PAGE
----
or deformity.                                                          emergency contact numbers.




                                                                                                                                                        Annual screening by a suitably trained
                            LOW                                                  No risk factors present e.g. no loss                                   Health Care Professional. Agreed self
                                                                    DEFINITION   of sensation, no signs of peripheral                    ACTION
                                                                                                                                                        management plan. Provide written and
                                                                                 vascular disease and no other                                          verbal education with emergency contact
                                                                                 risk factors.                                                          numbers. Appropriate access to podiatrist
                                                                                                                                                        if/when required.
                                                                                                                                                                                                         Figure 1: Diabetic foot risk stratification and triage. Reproduced by kind permission of the




      Produced by the Scottish Diabetes Group - Foot Action Group                                   These risk categories relate to the use of the SCI-DC foot risk stratification tool




105
                                                                                                                                                                                                                                                                                                        11 ManageMent of diabetiC foot disease
ManageMent of diabetes




   11.3   Patient edUCation
          Several studies have assessed the role of foot education in patients with diabetes. Studies to
          date have been heterogeneous using different patient populations with small numbers and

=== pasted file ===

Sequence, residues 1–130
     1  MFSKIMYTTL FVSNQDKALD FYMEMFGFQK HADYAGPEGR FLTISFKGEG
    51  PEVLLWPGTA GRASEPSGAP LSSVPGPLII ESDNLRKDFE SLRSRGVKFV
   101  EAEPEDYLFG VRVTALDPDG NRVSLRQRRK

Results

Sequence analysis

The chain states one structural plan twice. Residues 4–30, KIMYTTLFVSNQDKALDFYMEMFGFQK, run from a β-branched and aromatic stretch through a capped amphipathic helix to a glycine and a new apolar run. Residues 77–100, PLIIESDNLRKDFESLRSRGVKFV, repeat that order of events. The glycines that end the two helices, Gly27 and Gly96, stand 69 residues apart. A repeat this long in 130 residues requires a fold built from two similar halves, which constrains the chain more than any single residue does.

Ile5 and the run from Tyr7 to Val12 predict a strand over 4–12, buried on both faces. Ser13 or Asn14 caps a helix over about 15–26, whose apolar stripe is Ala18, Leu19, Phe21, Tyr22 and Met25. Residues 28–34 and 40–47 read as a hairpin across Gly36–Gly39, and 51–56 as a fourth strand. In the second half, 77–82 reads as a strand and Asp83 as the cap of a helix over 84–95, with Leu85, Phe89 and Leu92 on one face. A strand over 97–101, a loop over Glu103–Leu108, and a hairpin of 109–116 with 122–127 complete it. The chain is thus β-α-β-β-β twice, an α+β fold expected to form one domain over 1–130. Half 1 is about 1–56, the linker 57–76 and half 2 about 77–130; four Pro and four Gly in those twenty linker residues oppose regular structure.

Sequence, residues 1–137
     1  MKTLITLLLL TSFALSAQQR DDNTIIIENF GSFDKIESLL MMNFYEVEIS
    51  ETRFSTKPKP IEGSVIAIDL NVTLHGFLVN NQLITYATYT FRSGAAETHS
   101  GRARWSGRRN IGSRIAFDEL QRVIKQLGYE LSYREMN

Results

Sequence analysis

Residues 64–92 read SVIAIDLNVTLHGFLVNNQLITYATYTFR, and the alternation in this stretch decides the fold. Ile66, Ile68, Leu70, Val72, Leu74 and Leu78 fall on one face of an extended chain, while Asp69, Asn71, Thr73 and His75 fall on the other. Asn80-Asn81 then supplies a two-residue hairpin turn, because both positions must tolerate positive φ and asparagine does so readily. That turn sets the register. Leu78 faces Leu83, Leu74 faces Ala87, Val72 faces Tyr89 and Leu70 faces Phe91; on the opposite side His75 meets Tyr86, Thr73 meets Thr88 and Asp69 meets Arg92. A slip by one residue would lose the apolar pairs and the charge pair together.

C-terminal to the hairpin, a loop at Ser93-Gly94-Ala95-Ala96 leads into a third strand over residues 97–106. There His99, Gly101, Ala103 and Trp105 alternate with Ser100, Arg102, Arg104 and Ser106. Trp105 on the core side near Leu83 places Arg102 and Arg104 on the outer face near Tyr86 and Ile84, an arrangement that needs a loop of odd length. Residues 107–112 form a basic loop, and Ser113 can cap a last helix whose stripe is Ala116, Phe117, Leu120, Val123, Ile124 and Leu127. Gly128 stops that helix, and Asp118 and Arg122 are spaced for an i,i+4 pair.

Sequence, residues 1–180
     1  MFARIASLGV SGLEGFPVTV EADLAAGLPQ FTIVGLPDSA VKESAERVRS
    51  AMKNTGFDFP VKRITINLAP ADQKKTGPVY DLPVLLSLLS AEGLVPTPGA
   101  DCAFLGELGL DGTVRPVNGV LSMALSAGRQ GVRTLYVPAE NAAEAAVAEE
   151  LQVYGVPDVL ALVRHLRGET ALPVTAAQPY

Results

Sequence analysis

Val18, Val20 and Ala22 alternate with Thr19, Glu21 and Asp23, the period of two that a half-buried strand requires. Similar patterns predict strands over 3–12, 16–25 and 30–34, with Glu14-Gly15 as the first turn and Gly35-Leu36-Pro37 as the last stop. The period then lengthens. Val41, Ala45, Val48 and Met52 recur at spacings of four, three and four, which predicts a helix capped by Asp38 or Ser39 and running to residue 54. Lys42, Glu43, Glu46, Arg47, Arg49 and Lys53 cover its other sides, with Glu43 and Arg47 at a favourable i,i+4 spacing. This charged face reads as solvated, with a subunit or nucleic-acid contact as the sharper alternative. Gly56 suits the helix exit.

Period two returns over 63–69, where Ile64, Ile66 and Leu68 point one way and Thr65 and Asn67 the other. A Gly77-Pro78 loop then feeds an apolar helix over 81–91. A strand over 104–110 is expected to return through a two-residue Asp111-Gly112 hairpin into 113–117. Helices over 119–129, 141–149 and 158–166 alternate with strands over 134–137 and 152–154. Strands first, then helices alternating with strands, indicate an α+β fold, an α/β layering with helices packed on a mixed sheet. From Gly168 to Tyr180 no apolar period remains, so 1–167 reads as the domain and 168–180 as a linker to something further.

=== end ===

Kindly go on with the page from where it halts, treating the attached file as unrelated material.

variable end points giving inconclusive findings. Previous work in this area indicated that at         1+
          one year follow up, where patients had agreed ‘personalised behavioural contracts’, there was
          a significant reduction in serious lesions.703 A further study demonstrated little or no effect of a
          general education programme after 18 months follow up.704
          A single RCT of patients with previous diabetic foot disease suggested that intensive education
                                                                                                                 1+
          may be effective in the prevention of amputation or recurrent ulceration.705
          Programmes which include education with podiatry show a positive effect on minor foot                  1+
          problems at relatively short follow up.706, 707 Access to a podiatrist reduces the number and size     2++
          of foot calluses and improves self care.707
          More recent studies assessing the effectiveness of structured education programmes for patients
          at high risk of diabetes-associated foot disease found an improvement in overall knowledge             1+
          and foot care behaviours but no change in the incidence of foot ulceration or in amputation            1++
          rates.24, 708

           b     foot care education is recommended as part of a multidisciplinary approach in all
                 patients with diabetes.


   11.4   PReventative footweaR and oRtHoses
          Plantar pressure using ordinary shoes is similar to walking barefoot. Running-style, cushion-soled
                                                                                                                 2++
          trainers can reduce plantar pressure more than ordinary shoes but not as much as custom-built
                                                                                                                 3